Asheville’s Secret Shame comes out of the shadows

WORST-KEPT SECRET: “We can definitely be the loudest band on the bill,” says Lena, center, of Asheville-based post-punk group Secret Shame. “It’s always: Turn the reverb up, and everybody’s amps are cranked.” The band is releasing its new album, ‘Dark Synthetics,’ with an East Coast tour. Photo by Audrey Pierce

“We always say, ‘We’re too punk for Goth and too Goth for punk,’” says Lena (who goes by her first name only), vocalist of Asheville-based collective Secret Shame. “We don’t play any bills where we fit.”

But even if Asheville isn’t ready for post-punk, the duskily elegant and politically charged sound is finding fans in many other cities. Secret Shame will play a much-anticipated Friday the 13th show at The Broadway in Brooklyn as part of a tour in support of the band’s new album, Dark Synthetics. After that, the band performs a hometown record-release concert (a free event) at The Mothlight on Monday, Sept. 16.

Lush and layered, Dark Synthetics has garage-y attitude and crisp sonics. Each instrument is distinguishable, and Lena’s dynamic vocal — at turns a measured growl, a clarion wail and a display of luminous upper register — is front and center. Drums loom, dense and thunderous, in the background of each song. A chilly guitar line offers a countermelody on “Calm” before flowing into the melee of electric churn and pummel. The relentless, driving track deals, unflinchingly, with domestic abuse. “Dark,” the first single from the new album, opens with a torrent of strings and drums, a barely contained storm that invites the listener into a rich nocturnal landscape. It ends, brilliantly, on a dime, the sudden silence giving way to a door creaking open, then slamming shut.

The seven tracks of Dark Synthetics, Lena says, were recorded live and pretty much in the order they were written. Complications, including a personnel change, delayed the competition of the project, but “it won’t take us two years to put out our next album,” says Lena, who also creates the band’s art. New songs are already in the works.

In fact, Secret Shame only came together in 2016 with bassist Matthew and guitarist Ryynikki inviting Lena to sing with them. The current lineup includes drummer Nathan and guitarist/synth player Billie. Songwriting is “a big jumble,” Lena says. “Usually Nikki or Matthew will start playing something randomly, in the middle of a conversation, and everybody will start adding to it, slowly. … I went through my phone last night and found over 30 vocal recordings of those types of things.” It’s all very fluid, she adds, but it’s rare for the band to scrap a song.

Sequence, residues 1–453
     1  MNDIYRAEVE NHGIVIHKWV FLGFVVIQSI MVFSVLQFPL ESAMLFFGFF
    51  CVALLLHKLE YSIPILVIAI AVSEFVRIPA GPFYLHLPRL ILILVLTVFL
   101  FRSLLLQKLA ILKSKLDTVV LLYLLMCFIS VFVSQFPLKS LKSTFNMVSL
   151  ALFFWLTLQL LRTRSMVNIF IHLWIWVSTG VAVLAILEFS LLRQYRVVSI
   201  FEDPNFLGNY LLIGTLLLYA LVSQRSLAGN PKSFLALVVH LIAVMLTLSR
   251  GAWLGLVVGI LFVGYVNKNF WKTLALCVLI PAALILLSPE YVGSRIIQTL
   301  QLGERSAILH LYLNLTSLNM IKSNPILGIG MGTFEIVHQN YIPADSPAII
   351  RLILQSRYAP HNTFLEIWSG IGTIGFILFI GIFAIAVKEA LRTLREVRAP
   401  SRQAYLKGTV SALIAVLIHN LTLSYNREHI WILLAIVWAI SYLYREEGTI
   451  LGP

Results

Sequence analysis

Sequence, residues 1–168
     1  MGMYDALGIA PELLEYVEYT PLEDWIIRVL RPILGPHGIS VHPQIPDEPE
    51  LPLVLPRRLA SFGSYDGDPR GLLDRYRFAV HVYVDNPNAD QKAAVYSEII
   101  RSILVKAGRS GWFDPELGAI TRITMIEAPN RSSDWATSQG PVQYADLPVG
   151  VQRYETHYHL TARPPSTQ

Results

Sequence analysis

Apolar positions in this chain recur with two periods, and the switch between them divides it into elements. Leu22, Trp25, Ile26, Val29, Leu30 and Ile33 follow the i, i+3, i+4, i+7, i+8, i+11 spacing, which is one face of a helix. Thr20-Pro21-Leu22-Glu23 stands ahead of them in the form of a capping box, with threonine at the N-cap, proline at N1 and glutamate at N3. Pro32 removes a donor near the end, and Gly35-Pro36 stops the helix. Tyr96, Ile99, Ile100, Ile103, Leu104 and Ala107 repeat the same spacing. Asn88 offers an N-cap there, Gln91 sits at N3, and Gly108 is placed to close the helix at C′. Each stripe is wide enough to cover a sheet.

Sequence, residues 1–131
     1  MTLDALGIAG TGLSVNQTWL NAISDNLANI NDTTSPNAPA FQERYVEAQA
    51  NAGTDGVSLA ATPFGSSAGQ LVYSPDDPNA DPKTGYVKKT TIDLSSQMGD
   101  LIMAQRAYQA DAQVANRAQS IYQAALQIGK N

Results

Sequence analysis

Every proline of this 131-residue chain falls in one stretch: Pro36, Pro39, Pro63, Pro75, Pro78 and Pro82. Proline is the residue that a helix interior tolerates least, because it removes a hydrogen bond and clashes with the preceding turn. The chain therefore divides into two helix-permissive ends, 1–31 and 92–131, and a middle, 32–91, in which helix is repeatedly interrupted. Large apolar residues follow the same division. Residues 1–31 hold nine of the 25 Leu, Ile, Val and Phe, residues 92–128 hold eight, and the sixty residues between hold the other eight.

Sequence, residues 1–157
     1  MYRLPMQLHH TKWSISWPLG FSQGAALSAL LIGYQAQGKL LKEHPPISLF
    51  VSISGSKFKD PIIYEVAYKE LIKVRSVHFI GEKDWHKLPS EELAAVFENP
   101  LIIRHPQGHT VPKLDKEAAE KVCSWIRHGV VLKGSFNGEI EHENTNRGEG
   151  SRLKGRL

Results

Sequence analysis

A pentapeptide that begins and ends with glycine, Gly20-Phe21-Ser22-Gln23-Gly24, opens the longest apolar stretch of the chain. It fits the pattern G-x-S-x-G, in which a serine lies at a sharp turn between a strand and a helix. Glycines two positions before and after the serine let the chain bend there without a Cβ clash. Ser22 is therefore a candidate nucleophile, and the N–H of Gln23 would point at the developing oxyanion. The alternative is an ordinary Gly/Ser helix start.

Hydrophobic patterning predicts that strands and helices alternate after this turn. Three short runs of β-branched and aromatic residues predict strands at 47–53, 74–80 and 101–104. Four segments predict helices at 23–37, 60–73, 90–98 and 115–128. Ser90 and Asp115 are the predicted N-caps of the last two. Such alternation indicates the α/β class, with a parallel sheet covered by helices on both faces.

Live, “We can definitely be the loudest band on the bill,” Lena says, “It’s always: Turn the reverb up, and everybody’s amps are cranked.” They create an atmosphere that stems from the music rather than onstage banter.

That aesthetic resonates: In May, Secret Shame opened for experimental act Xiu Xiu at The Mothlight. A listener mentioned Secret Shame’s set to a friend, who turned out to be a music publicist who had recently moved to Asheville from Brooklyn and was impressed with the local band — enough to help amplify Secret Shame’s new album.

“You can’t be on people’s radars if you’re just a local band from North Carolina,” Lena says of the struggle to get press releases into the hands of swamped music writers and bookers. A publicist with a track record helps, though clearly Secret Shame had made strides on its own efforts — including landing a coveted spot on the Hopscotch Music Festival lineup. The band played that Durham event (headlined by the likes of Sleater-Kinney, Jenny Lewis and Kurt Vile, and including Asheville groups such as Ahleuchatistas, MJ Lenderman, Tyler Ramsey, Nest Egg and Coconut Cake) earlier this month.

But even as Secret Shame gains wider recognition, this is a group of musicians who already know who they are. Two of the band members, for example, are trans and state their pronouns in their band bio. “We definitely want to reach out to queer communities and labels,” Lena says. “We don’t need to talk about it all the time, but it’s an important thing in the world right now.”

The main focus is the music, though. While Secret Shame has toured regionally, show dates for Dark Synthetics take the collective as far as New York. “And one of our members just got their passport,” Lena notes, “so I hope that could be something in the future.”

Too Goth for punk, maybe. Not too Goth for international travel.

WHAT: Secret Shame album release show
WHERE: The Mothlight, 701 Haywood Road, themothlight.com
WHEN: Monday, Sept. 16, 9 p.m. Free

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About Alli Marshall
Alli Marshall is the arts section editor at Mountain Xpress. She's lived in Asheville for more than 20 years and loves live music, visual art, fiction and friendly dogs. Alli is the winner of the 2016 Thomas Wolfe Fiction Prize and the author of the novel "How to Talk to Rockstars," published by Logosophia Books. Follow me @alli_marshall

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